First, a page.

Effects of Task Complexity on Motor Imagery Based Brain-Computer Interface

M. Ebrahim M. Mashat, Chin-Teng Lin , Dingguo Zhang

Research output: Contribution to journalArticlepeer-review

26 Citations (SciVal)

Abstract

The performance of electroencephalogram (EEG)-based brain-computer interfaces (BCIs) still needs improvements for real world applications. An improvement on BCIs could be achieved by enhancing brain signals from the source via subject intention-based modulation. In this work, we aim to investigate the effects of task complexity on performance of motor imagery (MI) based BCIs. In specific, we studied the effects of motor imagery of a complex task versus a simple task on discriminability of brain activation patterns using EEG. The results show an increase of up to 7.25% in BCI classification accuracy for motor imagery of the complex task in comparison to the simple task. Furthermore, spectral power analysis in low frequency bands, alpha and beta, shows a significant decrease in power value for the complex task. However, high frequency gamma band analysis unveils a significant increase for the complex task. These findings may lead to designing better BCIs with high performance.
Original languageEnglish
Article number8809824
Pages (from-to)2178-2185
Number of pages8
JournalIEEE Transactions on Neural Systems and Rehabilitation Engineering
Volume27
Issue number10
Early online date22 Aug 2019
DOIs
Publication statusPublished - 1 Oct 2019

Bibliographical note

Funding Information:
28 10.1109/TNSRE.2019.2936987 0b0000648971db4e Active orig-research F T F F F F F Publish 10 IEEE 1534-4320 © 2019 IEEE. Personal use is permitted, but republication/redistribution requires IEEE permission. See http://www.ieee.org/publications_standards/publications/rights/index.html for more information. The performance of electroencephalogram (EEG)-based brain-computer interfaces (BCIs) still needs improvements for real world applications. An improvement on BCIs could be achieved by enhancing brain signals from the source via subject intention-based modulation. In this work, we aim to investigate the effects of task complexity on performance of motor imagery (MI) based BCIs. In specific, we studied the effects of motor imagery of a complex task versus a simple task on discriminability of brain activation patterns using EEG. The results show an increase of up to 7.25% in BCI classification accuracy for motor imagery of the complex task in comparison to the simple task. Furthermore, spectral power analysis in low frequency bands, alpha and beta, shows a significant decrease in power value for the complex task. However, high frequency gamma band analysis unveils a significant increase for the complex task. These findings may lead to designing better BCIs with high performance. 0 Mashat, M.E.M. M. Ebrahim M. Mashat M. Ebrahim M. M. Ebrahim M. Mashat Mashat State Key Laboratory of Mechanical Systems and Vibration, School of Mechanical Engineering, Shanghai Jiao Tong University, Shanghai, China Author 0 0000-0001-8371-8197 Lin, C. Chin-Teng Lin Chin-Teng Chin-Teng Lin Lin Centre for Artificial Intelligence, CIBCI Lab, Faculty of Engineering and Information Technology, University of Technology Sydney, Ultimo, NSW, Australia Author 0 0000-0003-4803-7489 Zhang, D. Dingguo Zhang Dingguo Dingguo Zhang Zhang Department of Electronic and Electrical Engineering, University of Bath, Bath, U.K. Author d.zhang@bath.ac.uk 2019 Oct. 2019 8 21 2019 10 14 2085566 08809824.pdf 2178-2185 8809824 Task analysis Electroencephalography Writing Visualization Complexity theory Magnetic resonance imaging Grasping Brain-computer interface electroencephalography task complexity motor imagery event-related de-synchronization classification accuracy National Natural Science Foundation of China 10.13039/501100001809 61761166006 91848112 Foundation of Shanghai Municipal Commission of Health and Family Planning 10.13039/501100010032 2017ZZ01006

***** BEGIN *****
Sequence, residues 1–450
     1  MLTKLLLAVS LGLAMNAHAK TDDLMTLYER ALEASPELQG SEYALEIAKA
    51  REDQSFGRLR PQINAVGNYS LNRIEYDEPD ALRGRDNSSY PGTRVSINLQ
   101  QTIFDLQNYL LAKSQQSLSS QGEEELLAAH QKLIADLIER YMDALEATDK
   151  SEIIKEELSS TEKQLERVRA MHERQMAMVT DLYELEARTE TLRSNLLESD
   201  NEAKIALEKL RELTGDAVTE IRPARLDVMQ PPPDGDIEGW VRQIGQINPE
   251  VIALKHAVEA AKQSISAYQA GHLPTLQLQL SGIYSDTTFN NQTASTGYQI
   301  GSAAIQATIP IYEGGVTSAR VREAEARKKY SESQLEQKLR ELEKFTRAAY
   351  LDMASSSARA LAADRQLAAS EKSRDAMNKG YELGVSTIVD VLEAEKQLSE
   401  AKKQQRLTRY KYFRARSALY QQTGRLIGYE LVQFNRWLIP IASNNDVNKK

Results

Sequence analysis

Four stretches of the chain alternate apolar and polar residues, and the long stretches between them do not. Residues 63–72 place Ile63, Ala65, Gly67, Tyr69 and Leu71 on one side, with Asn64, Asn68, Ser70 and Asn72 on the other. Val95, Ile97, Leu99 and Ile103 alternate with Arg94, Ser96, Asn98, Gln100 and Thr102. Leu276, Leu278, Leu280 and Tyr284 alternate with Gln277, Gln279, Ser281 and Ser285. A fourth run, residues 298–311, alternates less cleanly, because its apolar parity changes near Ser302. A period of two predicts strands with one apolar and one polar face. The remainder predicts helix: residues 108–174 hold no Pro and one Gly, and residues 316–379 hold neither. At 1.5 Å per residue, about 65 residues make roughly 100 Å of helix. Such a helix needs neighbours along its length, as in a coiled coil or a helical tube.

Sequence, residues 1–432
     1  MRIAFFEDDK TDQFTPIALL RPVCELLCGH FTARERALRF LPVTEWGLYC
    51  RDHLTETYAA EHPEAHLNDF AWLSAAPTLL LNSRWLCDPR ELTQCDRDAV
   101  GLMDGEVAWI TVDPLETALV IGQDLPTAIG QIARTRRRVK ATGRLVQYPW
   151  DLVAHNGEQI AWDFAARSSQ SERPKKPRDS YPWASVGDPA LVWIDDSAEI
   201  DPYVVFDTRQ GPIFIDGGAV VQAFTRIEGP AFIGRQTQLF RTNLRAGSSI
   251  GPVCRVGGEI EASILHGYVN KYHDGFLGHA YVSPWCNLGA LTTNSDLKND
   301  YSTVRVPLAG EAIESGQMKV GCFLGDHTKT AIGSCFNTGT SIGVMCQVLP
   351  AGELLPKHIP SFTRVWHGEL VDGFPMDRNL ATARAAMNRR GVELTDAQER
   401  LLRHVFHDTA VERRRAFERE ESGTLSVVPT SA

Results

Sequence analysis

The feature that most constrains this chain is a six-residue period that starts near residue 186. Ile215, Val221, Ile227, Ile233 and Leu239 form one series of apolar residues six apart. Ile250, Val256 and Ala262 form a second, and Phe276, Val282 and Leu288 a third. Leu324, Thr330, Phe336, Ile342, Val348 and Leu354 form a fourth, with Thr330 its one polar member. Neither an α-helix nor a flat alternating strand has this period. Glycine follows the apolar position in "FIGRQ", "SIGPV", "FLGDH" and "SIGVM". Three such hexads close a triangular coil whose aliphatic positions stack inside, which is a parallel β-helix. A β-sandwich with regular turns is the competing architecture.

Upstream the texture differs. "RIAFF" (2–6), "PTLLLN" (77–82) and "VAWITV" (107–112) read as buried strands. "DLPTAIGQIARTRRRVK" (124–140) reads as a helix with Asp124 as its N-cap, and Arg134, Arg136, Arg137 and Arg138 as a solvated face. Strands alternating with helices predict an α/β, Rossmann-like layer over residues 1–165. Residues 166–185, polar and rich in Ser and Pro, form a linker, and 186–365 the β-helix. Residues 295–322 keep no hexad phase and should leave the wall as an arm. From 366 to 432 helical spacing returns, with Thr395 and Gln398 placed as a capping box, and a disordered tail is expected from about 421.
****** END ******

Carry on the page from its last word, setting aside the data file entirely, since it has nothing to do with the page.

Publisher Copyright:
© 2001-2011 IEEE.

Keywords

  • Brain-computer interface
  • classification accuracy
  • electroencephalography
  • event-related de-synchronization
  • motor imagery
  • task complexity

ASJC Scopus subject areas

  • Internal Medicine
  • General Neuroscience
  • Biomedical Engineering

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